They would, wouldn’t they?

They’re justifying their demand by pointing to verdicts of investigations into police conduct that have resulted in no action being taken.

But doesn’t that just raise questions about the way the police are policed?

Doesn’t it give us cause to question what police need to do before they are penalised for the outrageous behaviour they have been caught doing on camera?

This Writer has seen a woman being punched in the face by a policeman, her head snapping back almost into the camera taking the footage.

We all saw the police men practically stripping a female protester at a demonstration in Manchester. Why were they doing that and when will they be punished for it?

We’ve all seen footage of police harassing people from ethnic minorities, for no readily-apparent reason.

The MetFed wants those videos to be banned – and I don’t think it’s because there is no case to be answered.

I think it is because the MetFed doesn’t want to be embarrassed by the behaviour of its own people.

And what about this:

Two good points, don’t you think? For clarity, they are:

1. If nobody had taken footage of George Floyd being throttled under the knee of a US police officer, nothing would have been done about it.

2. It is hypocritical of the MetFed to complain about the sharing of images that shame the police when its own officers have shared images of them behaving inappropriately (to say the least) with the dead bodies of members of the public.

If the police did not behave inappropriately; if they weren’t prone to violence against the public they are meant to protect; and if we didn’t have reason to believe the system was corruptly supporting them, then nobody would be recording these images – they simply would not happen.

So, before these people demand what are frankly fascist measures to stop us from holding them to account – and remember, they can still record us (although I understand footage from cop cameras is likely to be restricted due to failings in policing by the officers involved) – it seems clear they should try cleaning up their act instead.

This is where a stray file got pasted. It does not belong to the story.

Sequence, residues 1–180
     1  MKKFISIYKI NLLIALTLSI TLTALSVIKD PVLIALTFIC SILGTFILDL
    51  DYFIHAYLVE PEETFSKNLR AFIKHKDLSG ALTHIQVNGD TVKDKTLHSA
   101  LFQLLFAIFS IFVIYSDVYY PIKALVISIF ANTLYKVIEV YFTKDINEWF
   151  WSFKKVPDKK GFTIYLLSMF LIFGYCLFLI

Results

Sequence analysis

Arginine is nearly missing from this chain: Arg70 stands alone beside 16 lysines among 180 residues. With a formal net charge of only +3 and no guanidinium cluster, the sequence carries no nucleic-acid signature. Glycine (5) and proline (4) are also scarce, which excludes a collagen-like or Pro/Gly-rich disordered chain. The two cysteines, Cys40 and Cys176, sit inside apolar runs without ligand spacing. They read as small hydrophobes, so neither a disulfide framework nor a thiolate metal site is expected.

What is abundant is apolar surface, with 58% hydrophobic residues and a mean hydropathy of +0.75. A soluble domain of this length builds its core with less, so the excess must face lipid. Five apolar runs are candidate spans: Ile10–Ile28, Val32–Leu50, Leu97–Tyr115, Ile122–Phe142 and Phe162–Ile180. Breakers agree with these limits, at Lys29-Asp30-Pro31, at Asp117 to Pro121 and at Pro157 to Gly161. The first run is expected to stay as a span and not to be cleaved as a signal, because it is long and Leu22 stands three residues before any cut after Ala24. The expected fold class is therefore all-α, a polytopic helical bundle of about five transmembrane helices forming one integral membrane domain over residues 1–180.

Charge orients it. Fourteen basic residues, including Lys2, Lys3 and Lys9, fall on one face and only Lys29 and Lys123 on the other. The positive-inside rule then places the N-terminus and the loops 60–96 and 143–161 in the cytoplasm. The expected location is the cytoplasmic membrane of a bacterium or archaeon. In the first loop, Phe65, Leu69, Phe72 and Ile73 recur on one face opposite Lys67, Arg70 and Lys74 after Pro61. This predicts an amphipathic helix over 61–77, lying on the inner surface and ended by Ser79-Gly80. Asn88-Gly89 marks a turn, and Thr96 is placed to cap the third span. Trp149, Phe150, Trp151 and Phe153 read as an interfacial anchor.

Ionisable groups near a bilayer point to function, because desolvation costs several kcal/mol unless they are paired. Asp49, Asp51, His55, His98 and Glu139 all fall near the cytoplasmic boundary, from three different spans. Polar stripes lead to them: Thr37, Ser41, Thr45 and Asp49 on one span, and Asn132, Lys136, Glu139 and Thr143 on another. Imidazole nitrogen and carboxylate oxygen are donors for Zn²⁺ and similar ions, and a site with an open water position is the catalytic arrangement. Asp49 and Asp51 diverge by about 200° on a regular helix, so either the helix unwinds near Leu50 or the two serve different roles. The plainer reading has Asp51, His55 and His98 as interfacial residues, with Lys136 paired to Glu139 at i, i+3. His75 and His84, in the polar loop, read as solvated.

But I suppose that would take all the fun out of it.

Source: Met Fed calls on chiefs to end trial by media after IOPC verdict | UK Police News – Police Oracle

Have YOU donated to my crowdfunding appeal, raising funds to fight false libel claims by TV celebrities who should know better? These court cases cost a lot of money so every penny will help ensure that wealth doesn’t beat justice.

https://www.crowdjustice.com/case/mike-sivier-libel-fight/


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“He’s a Tory” hashtag intended for David Cameron impacts instead… on KEIR STARMER

Keir Starmer: it seems the nation believes he is a Conservative cuckoo, only pretending he believes in Labour values. But will voters do enough to push him out of that party’s leadership on May 6?

This is the reason Labour is going to lose seats in the local elections next month, in a nutshell.

As I write this, the phrase “He’s a Tory” is trending on Twitter. It was intended as an explanation of David Cameron’s behaviour in lobbying his former colleagues in the Conservative government on behalf of his subsequent employer:

But it has been hijacked – unintentionally, it seems – by critics of Keir Starmer who have taken it to refer to the Labour leader’s own political leanings:

Yes, it says it all.

Most particularly, it says that Labour voters will abandon that party at the local elections next month.

The only question now is whether they will just stay at home, meaning the proportion of people voting will fall but the result is unlikely to be significantly different from usual.

Alternatively, they might choose to make their vote count by handing it to someone else. A boost for one of the minority parties like the Greens (or – more likely in the current climate – nationalists like Plaid Cymru or the SNP) would be a serious blow for Starmer’s credibility, along with that of the Labour Party he leads and may prompt a rethink of his leadership abilities.

It depends on how disaffected Labour voters feel.

Do they think withholding their vote will achieve anything?

Or do they actually want to push Labour into being better?

Have YOU donated to my crowdfunding appeal, raising funds to fight false libel claims by TV celebrities who should know better? These court cases cost a lot of money so every penny will help ensure that wealth doesn’t beat justice.